Sartre says that 'I am responsible for the whole meaning with which I live. My world-view out of my choosing becomes arbitrary and precarious'. Buddhism has nothing to comment here except holding man responsible squarely for what he is. However human identity is solely responsible for what it is and for what it becomes. Freedom has to express itself both by itself and from its various affiliations.
Sartre feels passionately that frustration is caused to Pour-soi, by other existents, by their looking at me, by making me their object, by their estimating me and by their taking away my freedom and autonomy. So the relation of self with others ends in frustration. The absurdity of existing exists where principles and actions fail. We feel that if absurdity of existence emerges from self and manufactured feeling, it will be not out of place to admit several affairs.
I am surrounded by things and human meaning which are unrealisable, because they have been passed, built and estimated without any reference to my projects, choice, decision and freedom. As I cannot ignore these meanings they try to depersonalise me and threaten the dignity and autonomy of my freedom. J. P. Sartre keeps analysing various causes of man's loneliness and frustration. Perhaps Sartre is referring to the dehumanising phase of the modem technological civilization which was in offing during his time. Heidegger finds that human identity is basically confined to a finitude, an unauthentic being there despite an existential elucidations. Man seems to be at bottomless abyss and colours it as nothingness. Man has to rise to the depth of genuine existence. But how, only Buddha is a genuine explanation for this situation.
Human freedom is linked with the inescapable anxiety. Man has to face the consequences of his own motives and feelings. Man has to face the predicament of his situations boldly. Buddha does not talk to escape but to face the consequences of absurdity. The poetic and weary remains of Heidegger move on the fusing of logical references which may be compared to Buddha's nirvanist experience. Factuality in absolute freedom is the source of his Uniqueness and freedom. Sartre would try to appropriate the objective uncertainty in passionate inwardness of the human subjectivity. Though destiny of man is placed within himself, man paradoxically is condemned and is placed within himself to fall back into nothingness and absurdity. Buddhism will rise to the occasion in order to conquer the discords and confusions in a qualitatively different dimensions of existence and sought to attain a different level of experience.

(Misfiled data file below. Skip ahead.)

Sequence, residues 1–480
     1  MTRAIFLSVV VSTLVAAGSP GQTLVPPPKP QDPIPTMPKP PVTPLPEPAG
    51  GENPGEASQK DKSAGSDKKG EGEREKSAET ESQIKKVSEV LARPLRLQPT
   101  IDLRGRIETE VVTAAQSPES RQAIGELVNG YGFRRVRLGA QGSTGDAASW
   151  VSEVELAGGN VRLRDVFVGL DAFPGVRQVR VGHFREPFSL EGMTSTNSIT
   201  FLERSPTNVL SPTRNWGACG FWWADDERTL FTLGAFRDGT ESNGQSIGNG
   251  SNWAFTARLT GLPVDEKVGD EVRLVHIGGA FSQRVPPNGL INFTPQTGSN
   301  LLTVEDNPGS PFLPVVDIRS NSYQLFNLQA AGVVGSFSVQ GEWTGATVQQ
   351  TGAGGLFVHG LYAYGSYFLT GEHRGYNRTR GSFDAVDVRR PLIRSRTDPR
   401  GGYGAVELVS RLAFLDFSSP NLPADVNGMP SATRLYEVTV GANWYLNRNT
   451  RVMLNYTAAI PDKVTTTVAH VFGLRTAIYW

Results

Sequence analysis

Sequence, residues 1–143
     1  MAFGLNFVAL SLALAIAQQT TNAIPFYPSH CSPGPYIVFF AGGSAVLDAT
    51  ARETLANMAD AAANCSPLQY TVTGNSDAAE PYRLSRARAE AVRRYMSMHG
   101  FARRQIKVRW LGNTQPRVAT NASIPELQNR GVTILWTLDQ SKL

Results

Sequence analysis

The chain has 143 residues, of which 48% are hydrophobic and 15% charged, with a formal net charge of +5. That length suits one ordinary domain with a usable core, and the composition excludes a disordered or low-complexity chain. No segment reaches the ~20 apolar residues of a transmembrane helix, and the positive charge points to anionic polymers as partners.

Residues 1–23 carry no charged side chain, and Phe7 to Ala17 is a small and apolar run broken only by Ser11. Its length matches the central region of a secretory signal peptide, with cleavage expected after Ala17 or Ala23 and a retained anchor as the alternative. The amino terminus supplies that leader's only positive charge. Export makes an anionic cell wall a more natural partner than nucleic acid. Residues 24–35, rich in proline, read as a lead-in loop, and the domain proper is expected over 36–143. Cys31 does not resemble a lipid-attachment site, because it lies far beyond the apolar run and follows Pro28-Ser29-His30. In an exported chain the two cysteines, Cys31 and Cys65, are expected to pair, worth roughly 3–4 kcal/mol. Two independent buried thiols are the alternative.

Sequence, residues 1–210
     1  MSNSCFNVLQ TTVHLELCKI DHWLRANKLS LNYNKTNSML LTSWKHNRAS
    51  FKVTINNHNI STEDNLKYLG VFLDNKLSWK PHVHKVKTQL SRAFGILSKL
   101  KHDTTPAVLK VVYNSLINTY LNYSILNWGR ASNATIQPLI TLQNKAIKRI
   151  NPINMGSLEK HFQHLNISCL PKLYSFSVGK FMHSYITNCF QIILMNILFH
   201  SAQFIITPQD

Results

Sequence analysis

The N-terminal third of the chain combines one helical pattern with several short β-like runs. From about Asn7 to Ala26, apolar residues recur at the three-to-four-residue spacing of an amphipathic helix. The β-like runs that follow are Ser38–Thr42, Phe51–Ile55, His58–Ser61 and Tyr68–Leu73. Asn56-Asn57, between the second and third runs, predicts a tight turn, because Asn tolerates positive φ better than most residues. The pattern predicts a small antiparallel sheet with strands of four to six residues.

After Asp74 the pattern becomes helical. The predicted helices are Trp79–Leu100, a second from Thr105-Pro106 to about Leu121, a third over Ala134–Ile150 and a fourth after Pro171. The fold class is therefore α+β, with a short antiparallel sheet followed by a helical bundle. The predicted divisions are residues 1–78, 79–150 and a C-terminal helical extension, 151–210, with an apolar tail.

Death remains a negative and absurd fact. There is terror of death without any prospect of deliverance. "Existence" means being in the presence of death. Amidst the dread of senselessness and annihilation nothing remains any more of an ontology or religion; everything speaks only of the nothingness.
Despair as man's anxiety and the state of despondency is inescapable. Despite the sense of freedom at peril, doom of nothingness, forlornness and anguish, there is essentially no need to retreat or to brood over the affairs. However, Sartre's view of freedom eschews dramatic appeal due to the fact that finally it never comes up against any restriction. Moreover, his wide range talk about responsibility will be simply meaningless unless he presupposes some sanctions, norm or ideal. Presupposition of a norm and imposition of sanction go together. Logic of Existentialism is to be stretched further ahead and Buddhism will be significant.
An inexplicable riddle seems to haunt the Sartrean view of responsibility that the man has to acknowledge that he really is in freedom and responsibility. This way man will be working in good faith - one way. For Sartre man is seriously responsible for what he is, the other way he feels depersonalised due to being surrounded by the others - unrealisables. The development of his philosophy carries many contradictory assertions. Buddhism would endorse that responsibility and freedom must go together. We have to stretch this logic further and if we apply the Buddhistic four dimensional logic redeeming solution may come out as middle path.
|Chapter II||Existential Identity in Buddhism||23|
|Chapter III||Shocks of Identity and Hinterland of Suffering||35|
|Chapter IV||G. Marcel's and Heidegger's Profundity of Being and Identity||47|
|Chapter V||Karl Jaspers Encompassing and Theistic Note of Identity||63|
|Chapter VI||Jean Paul Sartre's Profundity of Existential Shocks and its Resolution (Dilemma)||73|
|Chapter VII||Comparative Estimation and Existentialism in the Context of Profundity of Experience (Psychology and Ontology of Experience )(A General Discussion)||89|
Item Code: NAN009 Author: Dr. Ashok Kumar Gupta Cover: Hardcover Edition: 2014 Publisher: Maha Bodhi Book Agency ISBN: 9789380336732 Language: English Size: 8.5 inch x 5.5 inch Pages: 127 Other Details: Weight of the Book: 280 gms